Out of Ashes: Community Recovers from Devastating Fire
Have you been walking through a fire lately? When you pass through the waters, I will be with you; and when you pass through the rivers, they will not sweep over you. When you walk through the fire, you will not be burned; the flames will not set you ablaze (Is 43:2). These words are true!
On September 8, 2020, the Almeda fire swept north from Almeda Street in Ashland to Medford, almost completely destroying Talent and Phoenix, the two towns in between. There were more than 2,800 structures destroyed, and some of those were apartment buildings. By God’s grace only three people lost their lives, including a suspect in the arson that started the fire. Another arsonist was observed by a couple in Phoenix after the larger fire was already bearing down on its third town. That man was later arrested.
I attended Talent Junior High and Phoenix Elementary and High School, and I know eight friends and relatives who lost everything. Within a month after the fire, I drove through the wreckage. Temperatures had been so hot that radiators and aluminum hubcaps had melted into puddles underneath cars. You could look straight through aluminum trailers. The vault of what used to be a bank was totally exposed, and many who had private safes opened them to find ashes inside. [photo] Though the safes didn’t melt, they couldn’t keep the temperature inside from rising above Fahrenheit 451, the temperature at which paper burns.
The father of a couple of my teammates from high school cross country and track woke that morning and noticed how hot, dry, and windy it was. He used his backhoe to make a fire line around his home and that of a neighbor. He wrote to me, “I had a strange feeling to do it because I’d never seen such a violent wind so early in the morning….” The fire stopped at the fire line he had dug. He added, “Worked out just right.”
Cassandra Cornwell graduated from Phoenix High School a couple of years after me. When she and her younger sister, Molly Marchetti, heard the fire was moving from Ashland to Talent, where their parents lived, they invited their parents to join them in Phoenix. When the fire raged north to Phoenix they all evacuated to the home of their cousin in Northeast Medford. You can hear their story in our interviews by clicking here. Cornwell wrote, “One of the homes in the park was saved by the owner’s husband and their sons using the water bottles they found in her carport and then running over to the pool, filling them up and going back to her house to fight the fire. Her cat survived under her bed.” You can see the footage of the moment they returned to what used to be their house in the video. Molly said she believes her healing was more complete because she was able to shut the camera off and grieve when they found that everything was destroyed. They couldn’t even find porcelain, which melts at more than 3,000 degrees Fahrenheit.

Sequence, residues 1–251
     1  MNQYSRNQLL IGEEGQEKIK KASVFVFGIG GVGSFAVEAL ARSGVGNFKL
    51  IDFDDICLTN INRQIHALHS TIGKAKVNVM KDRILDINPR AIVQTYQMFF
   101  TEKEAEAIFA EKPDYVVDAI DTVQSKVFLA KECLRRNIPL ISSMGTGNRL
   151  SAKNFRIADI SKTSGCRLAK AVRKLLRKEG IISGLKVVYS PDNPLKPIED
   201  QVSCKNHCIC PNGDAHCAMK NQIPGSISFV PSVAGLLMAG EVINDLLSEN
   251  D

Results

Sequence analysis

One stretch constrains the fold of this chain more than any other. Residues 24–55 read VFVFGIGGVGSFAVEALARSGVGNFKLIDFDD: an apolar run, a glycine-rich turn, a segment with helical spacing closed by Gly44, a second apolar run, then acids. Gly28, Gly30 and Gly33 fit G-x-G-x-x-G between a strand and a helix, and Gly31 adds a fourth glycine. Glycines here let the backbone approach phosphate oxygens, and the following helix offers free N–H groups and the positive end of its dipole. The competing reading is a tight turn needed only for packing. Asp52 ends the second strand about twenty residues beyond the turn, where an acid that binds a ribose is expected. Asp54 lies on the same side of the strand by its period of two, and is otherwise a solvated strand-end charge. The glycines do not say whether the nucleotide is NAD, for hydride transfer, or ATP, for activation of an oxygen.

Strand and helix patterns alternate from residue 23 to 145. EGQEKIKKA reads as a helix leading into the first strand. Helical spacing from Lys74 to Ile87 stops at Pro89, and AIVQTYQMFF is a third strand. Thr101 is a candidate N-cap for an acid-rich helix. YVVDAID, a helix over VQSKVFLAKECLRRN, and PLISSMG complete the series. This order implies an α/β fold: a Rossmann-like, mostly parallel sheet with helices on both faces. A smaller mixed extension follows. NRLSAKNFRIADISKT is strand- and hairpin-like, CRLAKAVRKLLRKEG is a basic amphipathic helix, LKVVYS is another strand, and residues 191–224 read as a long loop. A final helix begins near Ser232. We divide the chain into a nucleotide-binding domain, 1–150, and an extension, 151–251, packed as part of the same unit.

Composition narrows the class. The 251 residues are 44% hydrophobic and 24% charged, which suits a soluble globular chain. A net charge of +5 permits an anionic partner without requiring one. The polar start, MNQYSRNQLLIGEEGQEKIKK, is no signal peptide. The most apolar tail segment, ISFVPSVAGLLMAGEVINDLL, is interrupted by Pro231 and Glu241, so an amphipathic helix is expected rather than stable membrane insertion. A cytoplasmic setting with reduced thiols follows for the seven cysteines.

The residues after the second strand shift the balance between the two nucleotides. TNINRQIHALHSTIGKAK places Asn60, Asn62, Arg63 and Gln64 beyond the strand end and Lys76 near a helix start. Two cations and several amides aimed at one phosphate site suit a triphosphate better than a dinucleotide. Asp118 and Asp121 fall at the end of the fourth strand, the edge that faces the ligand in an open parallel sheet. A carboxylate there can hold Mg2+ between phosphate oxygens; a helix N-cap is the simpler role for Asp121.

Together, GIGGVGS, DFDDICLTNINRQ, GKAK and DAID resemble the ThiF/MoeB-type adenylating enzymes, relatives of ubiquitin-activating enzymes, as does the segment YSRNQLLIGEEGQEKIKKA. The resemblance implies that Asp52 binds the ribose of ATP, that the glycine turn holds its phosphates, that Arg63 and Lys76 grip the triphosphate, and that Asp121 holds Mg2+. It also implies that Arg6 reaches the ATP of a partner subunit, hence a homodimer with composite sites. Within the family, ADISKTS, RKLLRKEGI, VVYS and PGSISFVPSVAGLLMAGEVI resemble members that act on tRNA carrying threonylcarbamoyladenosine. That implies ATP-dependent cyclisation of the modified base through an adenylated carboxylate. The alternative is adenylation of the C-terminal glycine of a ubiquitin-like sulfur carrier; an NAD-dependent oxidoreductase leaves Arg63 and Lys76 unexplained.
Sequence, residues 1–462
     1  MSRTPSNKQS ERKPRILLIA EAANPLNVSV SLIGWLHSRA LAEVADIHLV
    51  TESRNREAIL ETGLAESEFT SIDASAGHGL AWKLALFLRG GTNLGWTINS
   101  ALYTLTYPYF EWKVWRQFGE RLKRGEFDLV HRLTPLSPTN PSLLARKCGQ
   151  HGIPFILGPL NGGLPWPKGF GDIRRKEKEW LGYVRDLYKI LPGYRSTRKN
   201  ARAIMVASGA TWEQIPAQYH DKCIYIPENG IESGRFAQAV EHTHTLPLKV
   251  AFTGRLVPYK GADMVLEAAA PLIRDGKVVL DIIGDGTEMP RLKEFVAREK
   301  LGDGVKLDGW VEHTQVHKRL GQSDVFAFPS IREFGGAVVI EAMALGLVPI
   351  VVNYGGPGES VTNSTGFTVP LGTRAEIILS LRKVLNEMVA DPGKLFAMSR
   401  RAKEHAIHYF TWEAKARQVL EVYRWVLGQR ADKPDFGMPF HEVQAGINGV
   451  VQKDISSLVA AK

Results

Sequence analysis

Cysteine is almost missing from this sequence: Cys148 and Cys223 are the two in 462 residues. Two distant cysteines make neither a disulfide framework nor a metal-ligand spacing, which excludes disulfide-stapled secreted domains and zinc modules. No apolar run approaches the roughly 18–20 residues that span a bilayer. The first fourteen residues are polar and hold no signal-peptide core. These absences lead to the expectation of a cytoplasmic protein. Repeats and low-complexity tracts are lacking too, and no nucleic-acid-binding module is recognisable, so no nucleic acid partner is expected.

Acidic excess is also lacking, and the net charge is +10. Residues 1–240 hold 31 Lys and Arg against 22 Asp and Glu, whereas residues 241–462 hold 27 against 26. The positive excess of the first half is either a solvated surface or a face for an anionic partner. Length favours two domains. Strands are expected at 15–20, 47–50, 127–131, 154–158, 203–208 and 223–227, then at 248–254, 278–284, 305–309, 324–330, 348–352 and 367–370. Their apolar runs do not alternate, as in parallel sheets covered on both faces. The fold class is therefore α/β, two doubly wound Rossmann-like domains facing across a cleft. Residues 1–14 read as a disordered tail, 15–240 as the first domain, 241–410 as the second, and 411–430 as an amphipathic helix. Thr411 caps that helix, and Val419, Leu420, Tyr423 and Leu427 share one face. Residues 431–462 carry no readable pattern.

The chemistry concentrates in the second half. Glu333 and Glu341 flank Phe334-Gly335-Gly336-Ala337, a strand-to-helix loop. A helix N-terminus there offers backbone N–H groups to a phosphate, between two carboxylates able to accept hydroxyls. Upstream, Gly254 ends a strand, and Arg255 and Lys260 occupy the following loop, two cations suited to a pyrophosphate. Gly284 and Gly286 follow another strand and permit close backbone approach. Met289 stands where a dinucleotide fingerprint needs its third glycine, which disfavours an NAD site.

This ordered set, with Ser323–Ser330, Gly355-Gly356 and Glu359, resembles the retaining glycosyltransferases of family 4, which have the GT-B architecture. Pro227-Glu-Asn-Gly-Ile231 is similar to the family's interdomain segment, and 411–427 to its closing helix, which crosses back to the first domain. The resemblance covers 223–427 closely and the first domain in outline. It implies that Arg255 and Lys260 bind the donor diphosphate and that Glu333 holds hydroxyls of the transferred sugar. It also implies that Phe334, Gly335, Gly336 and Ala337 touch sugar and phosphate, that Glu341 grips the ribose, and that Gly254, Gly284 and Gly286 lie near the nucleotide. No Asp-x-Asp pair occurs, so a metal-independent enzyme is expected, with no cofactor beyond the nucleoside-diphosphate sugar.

Eric Richey, who I first met when our mothers were listening to the services at Phoenix Presbyterian Church from the nursing room, took me through the ashes of what used to be his home and the family barn. Nails were lined up in perfect rows in the dirt as if the wood evaporated. [photo] A shovel’s handle was separated from the spade by the distance of the handle, which was completely gone. [photo] Their ’54 Chevy had become so hot that when an unknown object fell on the roof it caved in. [photo] The pole atop their pool’s cyclone fence was disconnected, since the ringlets holding it up were aluminum and melted before the steel fence. The fire ran along the fence, burning up the vines that decorated it… right up to the oil tank, where the fire stopped. The fire came within two miles of my family’s farm, and my parents reported hearing explosions all day and into the night as tanks like the Richeys’ exploded. On the other side of their untouched tank stands Cecelia Richey’s home — where she and her late husband Rick had raised Eric and his late brother Brad — without a hint that an inferno came within inches of destroying it. On their wall is a plaque: “There is always a reason to be grateful.” [photo]